Tag Archives: manchester

DxO Photolab and DNG

John Rylands Library, Manchester.
John Rylands Library, Manchester. Fuji X-T2, 10-24mm at 12mm, ISO800, 1/3″ at f/7.1. Handheld leaning on the stair handrail for support.

I have been experimenting with DxO Photolab again. I really like the software but before I can commit to buying it, I need it to support the Fuji XTrans RAW file format. If I can’t process the Fuji X-T2 files, it’s only going to work for a fraction of the images I shoot.

Then I had an idea. What if I convert the RAW file to DNG first using Iridient XTransformer. I felt sure I had used a much earlier version of DxO to process RAW files.

Unfortunately, my excitement was short lived. DxO Photolabs couldn’t read the file.

So instead of writing about a great work around, I’m going to share an image shot with the Fuji X-T2 and converted in Lightroom. This has then had a little post processing with On1 Photo Effects to emphasise the shadows. The stars around the lights were enhanced very slightly using Topaz Star Effects.

Friday Image No.171

John Rylands Library, Manchester. Fuji X-T2, 10-24 Lens, ISO800, f/6.4, 1/6″ leaning on the handrail. Post processing with Topaz Star Effects and Nik Viveza.

Yesterday was a trip into Manchester to shoot some interesting architecture. It was a great day out even though one of the best locations was indoors. I have a few shots from the day that I will be sharing but this one was early on. It’s from inside John Rylands library who are quite happy for you to take photographs providing you keep out of people way – full credit to them. If you’re ever in Manchester, it’s a great place to visit.

I have shot this staircase in the library several times, but I wanted to try it with the Fuji X-T2. Previously I have only used either a compact or Micro 43 camera. The Fuji handles the noise very well and 10-24 lens allowed for a great perspective.

I hope you like the shot and have a great weekend.

Just a Reminder

Sunset view across Manchester. Canon G7X pocket camera.
Sunset view across Manchester. Canon G7X pocket camera.

I’m sure you don’t need to be reminded but it’s a good idea to carry a camera at all times. I have to admit though that I haven’t been doing this for quite a long time. Fortunately, I took the G7X along with me to a site where I was working and managed to capture this spectacular sunset through the window.

Noise Reduction Update

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A few posts back I mentioned a new noise reduction program I had been using with my GX1 images. The program was Topaz DeNoise and I had a 30 day free trial. Well I’m happy to give an update and I will start by saying I purchased the full edition.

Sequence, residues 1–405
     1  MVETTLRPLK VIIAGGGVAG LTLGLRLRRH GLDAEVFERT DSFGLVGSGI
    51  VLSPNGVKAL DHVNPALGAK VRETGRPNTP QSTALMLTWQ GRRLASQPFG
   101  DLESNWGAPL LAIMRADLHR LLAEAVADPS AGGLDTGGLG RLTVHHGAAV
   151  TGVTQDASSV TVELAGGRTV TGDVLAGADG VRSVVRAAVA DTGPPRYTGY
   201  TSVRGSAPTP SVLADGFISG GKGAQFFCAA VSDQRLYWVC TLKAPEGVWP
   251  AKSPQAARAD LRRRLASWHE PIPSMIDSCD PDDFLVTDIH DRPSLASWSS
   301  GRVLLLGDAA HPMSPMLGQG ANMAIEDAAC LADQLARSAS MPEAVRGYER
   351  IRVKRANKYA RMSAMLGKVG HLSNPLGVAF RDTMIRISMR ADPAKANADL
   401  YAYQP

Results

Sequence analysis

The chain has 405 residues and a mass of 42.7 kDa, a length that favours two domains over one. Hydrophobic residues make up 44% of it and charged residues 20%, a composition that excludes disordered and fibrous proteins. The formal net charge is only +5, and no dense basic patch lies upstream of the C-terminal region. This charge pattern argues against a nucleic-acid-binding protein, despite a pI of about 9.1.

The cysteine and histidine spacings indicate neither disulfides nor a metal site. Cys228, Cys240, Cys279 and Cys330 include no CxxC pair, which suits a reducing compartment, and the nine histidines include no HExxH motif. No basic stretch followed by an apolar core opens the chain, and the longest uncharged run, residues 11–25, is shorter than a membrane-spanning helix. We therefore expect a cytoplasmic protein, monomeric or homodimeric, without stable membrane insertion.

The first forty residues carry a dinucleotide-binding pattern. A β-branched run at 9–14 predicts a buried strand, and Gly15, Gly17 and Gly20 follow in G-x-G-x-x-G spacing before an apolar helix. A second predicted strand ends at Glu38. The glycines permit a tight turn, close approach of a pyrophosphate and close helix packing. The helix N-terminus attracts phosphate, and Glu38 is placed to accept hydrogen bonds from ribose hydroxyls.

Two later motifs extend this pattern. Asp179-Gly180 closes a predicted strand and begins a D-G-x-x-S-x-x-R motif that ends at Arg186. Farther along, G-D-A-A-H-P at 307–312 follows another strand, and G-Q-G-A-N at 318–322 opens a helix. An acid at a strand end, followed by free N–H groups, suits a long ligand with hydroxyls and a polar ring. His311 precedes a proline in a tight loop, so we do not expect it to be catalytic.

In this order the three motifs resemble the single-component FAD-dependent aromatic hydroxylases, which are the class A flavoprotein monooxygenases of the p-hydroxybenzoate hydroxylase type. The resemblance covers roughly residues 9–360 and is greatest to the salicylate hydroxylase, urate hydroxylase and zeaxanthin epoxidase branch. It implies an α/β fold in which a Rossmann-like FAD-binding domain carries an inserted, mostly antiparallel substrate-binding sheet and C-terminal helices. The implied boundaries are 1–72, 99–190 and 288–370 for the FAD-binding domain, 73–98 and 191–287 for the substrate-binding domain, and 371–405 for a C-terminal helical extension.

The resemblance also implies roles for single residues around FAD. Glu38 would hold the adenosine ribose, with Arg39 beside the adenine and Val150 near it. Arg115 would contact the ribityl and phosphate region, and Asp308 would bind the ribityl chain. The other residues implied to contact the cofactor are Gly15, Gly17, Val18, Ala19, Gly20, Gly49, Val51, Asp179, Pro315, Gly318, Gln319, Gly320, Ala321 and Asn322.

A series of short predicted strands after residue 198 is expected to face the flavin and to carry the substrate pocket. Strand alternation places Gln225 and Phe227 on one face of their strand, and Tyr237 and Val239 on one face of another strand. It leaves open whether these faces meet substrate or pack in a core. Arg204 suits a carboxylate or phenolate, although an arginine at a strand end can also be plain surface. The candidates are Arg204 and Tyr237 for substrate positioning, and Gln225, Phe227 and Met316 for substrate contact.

After the blog I got down to the serious business of trying out quite a few noise reduction products. These ranged from OK to quite good but DeNoise was the best for my needs. I must admit that if I was judging this purely on how effectively some of the products removed noise, there were a couple of programs that seemed to match the performance. Unfortunately these were devilishly complicated to use.

The problem most of the programs seemed to suffer is that they had too many tabs and sliders to be adjusted. First I would need to select the range of noise e.g. high frequency, medium frequency etc then I would select the level of reduction for both luminance and colour noise. In addition to this I could target tones (highlights, mid tone and shadows) as well as different colours. Often there were a number of other controls I also needed to play with. These solutions to me are not lightweight and usually left me wondering if I had made the best selection I could. I also wasted a lot of time cycling through all the options trying to perfect the noise reduction.

What I really like about DeNoise is that it’s very quick to use as well as being very effective. Firstly I set the level of noise reduction whilst viewing a mid-tone area of the image. I then look at a shadow area and use a shadow slider to increase or decrease the level of noise reduction in these areas. Next I check the highlights and use the highlights slider to make any further adjustment.

Once I am happy with the noise in these areas I can apply additional colour cleaning noise with another slider as well as using two more adjustment sliders to affect the red or blue channel. What’s great about these sliders is that they all work together. The first slider is enough to achieve good results but the other sliders allow you to fine tune and target the effect.

Once you have applied your noise reduction you might find you have impacted some of the very fine detail. To counter this there is a “Recover Detail” slider which is quite effective. There is also a De-Blur slider which I never fail to be impressed by. This is something that I first came across in the Topaz Detail plug-in and it reduces typical lens blur introduced by camera optics and anti-alias filter. Even with top quality optics and perfect technique, this slider can make a difference. There are a few other sliders to help you really get superb results but this blog was not intended as a product review.

This is a very impressive package that it incredibly easy to use and achieve superb results. Even shooting at the best ISO possible with my cameras, this plug-in will improve the results. Give it a try if you want a lightweight noise reduction workflow that is totally effective.